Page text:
Sgt. Luis Rodriguez, with the Healdsburg Police Department, was part of the evacuation effort.

“I think it went pretty smoothly. We had a lot of resources from fire agencies and outside law enforcement agencies,” he said. “We had a pretty organized evacuation.”

Rodriguez said he felt the residents were fairly knowledgeable as to what to do.

“I think everybody in the area saw the smoke and the firefighting efforts that were going on, so everyone was either getting ready to self evacuate or were very cooperative in helping get each other out.”

One example of neighbors helping out were two Sunset COPE members who knew to help a neighbor who was 91 and on hospice get down their stairs, according to Leach.

Rodriguez said that the police department is going to get together with other agencies soon to discuss the response.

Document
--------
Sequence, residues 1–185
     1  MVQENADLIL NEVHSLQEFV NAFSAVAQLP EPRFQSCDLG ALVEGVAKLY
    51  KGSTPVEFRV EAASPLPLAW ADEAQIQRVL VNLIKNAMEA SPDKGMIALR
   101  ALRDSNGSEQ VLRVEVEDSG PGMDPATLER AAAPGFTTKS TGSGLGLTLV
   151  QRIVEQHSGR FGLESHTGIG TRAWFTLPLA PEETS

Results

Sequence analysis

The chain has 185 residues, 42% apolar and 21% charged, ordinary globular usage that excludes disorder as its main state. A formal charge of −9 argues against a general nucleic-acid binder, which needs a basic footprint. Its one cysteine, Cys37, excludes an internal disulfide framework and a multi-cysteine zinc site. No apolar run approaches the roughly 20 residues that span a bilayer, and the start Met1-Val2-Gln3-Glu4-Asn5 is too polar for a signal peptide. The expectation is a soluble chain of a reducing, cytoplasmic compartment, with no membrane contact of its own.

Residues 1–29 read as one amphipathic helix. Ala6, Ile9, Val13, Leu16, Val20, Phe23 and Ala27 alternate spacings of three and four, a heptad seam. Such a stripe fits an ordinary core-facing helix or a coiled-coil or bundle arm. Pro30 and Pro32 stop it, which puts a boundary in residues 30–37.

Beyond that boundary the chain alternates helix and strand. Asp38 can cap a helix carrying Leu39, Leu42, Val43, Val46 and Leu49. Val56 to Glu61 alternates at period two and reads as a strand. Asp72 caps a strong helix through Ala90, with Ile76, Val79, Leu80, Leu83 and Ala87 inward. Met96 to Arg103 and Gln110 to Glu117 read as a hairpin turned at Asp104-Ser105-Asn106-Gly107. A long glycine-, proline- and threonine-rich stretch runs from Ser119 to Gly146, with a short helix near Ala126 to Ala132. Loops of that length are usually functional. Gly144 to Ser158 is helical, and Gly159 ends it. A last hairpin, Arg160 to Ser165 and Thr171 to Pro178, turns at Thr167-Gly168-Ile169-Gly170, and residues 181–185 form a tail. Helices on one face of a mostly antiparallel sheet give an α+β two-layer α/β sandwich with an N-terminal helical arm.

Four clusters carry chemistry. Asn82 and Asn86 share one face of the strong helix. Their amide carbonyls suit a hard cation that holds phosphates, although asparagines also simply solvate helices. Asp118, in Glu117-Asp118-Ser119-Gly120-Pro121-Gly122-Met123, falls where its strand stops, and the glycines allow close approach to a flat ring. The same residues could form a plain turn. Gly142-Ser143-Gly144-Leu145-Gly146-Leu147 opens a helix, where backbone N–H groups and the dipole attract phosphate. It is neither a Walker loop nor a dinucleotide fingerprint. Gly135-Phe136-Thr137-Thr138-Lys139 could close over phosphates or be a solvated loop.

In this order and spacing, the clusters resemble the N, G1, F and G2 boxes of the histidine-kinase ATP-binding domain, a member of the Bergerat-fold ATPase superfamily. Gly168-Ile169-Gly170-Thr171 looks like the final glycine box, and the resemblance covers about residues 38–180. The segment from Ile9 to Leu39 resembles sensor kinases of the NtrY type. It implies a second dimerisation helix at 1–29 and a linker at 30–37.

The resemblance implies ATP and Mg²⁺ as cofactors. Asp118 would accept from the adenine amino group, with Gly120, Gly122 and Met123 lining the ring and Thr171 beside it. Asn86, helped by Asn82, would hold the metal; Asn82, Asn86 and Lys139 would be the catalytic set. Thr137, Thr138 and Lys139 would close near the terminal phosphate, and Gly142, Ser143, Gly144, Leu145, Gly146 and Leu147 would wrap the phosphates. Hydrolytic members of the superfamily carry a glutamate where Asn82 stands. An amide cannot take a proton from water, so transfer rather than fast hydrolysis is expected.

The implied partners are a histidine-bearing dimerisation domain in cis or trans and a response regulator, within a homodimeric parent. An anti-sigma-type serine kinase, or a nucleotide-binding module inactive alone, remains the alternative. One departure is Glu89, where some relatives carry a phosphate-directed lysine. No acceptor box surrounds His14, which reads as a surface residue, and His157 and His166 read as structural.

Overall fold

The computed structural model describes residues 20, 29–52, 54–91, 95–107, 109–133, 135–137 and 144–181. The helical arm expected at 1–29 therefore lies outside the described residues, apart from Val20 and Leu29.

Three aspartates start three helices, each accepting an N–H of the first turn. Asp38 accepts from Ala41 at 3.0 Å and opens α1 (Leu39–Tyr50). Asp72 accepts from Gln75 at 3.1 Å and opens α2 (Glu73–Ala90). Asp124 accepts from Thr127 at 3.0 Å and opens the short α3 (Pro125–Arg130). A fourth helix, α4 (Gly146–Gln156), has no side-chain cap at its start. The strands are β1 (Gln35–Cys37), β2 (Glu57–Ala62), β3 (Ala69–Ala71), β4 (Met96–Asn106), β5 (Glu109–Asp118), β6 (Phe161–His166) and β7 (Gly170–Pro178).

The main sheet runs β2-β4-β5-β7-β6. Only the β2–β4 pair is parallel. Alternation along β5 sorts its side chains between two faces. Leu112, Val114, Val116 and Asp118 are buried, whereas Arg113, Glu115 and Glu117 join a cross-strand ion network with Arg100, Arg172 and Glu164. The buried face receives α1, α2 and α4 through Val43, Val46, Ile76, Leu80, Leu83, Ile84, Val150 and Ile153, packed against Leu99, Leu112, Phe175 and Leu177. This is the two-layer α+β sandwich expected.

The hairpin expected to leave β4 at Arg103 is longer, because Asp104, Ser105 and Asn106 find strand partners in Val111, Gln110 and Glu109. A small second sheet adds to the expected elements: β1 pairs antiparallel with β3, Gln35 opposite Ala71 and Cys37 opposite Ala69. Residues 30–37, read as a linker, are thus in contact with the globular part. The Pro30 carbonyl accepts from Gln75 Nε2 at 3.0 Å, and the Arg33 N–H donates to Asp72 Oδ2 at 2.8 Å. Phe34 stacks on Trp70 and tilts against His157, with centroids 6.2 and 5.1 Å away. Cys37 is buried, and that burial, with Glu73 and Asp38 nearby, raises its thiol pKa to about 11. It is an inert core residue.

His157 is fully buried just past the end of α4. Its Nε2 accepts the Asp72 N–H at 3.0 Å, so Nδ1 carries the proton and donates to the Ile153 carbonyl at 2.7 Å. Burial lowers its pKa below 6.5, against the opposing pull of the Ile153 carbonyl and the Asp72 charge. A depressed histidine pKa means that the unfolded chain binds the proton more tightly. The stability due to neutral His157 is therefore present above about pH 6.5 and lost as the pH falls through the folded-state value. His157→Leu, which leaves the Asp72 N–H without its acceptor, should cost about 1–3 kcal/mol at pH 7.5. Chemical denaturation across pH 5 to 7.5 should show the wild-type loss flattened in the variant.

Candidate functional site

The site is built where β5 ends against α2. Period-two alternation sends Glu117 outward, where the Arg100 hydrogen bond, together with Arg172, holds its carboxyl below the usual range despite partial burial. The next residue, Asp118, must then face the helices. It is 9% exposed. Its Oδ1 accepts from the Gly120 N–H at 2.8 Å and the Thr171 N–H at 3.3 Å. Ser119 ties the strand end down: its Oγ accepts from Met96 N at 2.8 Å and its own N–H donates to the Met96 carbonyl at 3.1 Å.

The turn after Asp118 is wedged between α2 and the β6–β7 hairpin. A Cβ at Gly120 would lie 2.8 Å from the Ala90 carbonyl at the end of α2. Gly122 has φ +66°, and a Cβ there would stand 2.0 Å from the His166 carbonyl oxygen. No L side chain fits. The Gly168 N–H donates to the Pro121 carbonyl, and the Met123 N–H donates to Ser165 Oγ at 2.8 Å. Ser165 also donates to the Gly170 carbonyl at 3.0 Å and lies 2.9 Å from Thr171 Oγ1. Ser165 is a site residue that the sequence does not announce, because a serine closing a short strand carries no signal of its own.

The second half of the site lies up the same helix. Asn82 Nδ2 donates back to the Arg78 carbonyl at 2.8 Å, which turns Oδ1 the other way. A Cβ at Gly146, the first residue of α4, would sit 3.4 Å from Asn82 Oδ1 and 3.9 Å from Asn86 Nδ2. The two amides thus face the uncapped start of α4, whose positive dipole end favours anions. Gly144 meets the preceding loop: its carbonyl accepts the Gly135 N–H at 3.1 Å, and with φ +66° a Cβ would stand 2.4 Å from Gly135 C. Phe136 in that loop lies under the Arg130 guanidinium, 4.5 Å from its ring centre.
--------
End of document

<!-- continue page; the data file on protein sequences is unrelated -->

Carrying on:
“I think people are planning a little better. It’s always good to be prepared,” he said.

One of the concerns Leach said was brought up on the evacuation at the Sunset COPE meeting was city trucks working at the top of Sunset blocking the road.

“Also, a lot of non-essential city personnel showed up, also creating a logjam,” Leach said.

Those concerns were then brought from the COPE meeting to the city via fire response leaders at the meeting.

Leach said she also saw an issue with keeping information up-to-date.

“I got noticed that the evacuation was upgraded from advisory to mandatory and I sent that out. My husband was packing our dogs into the car and a policeman walked up and said it was only advisory. My husband said, ‘No, we just got an alert,’” she said.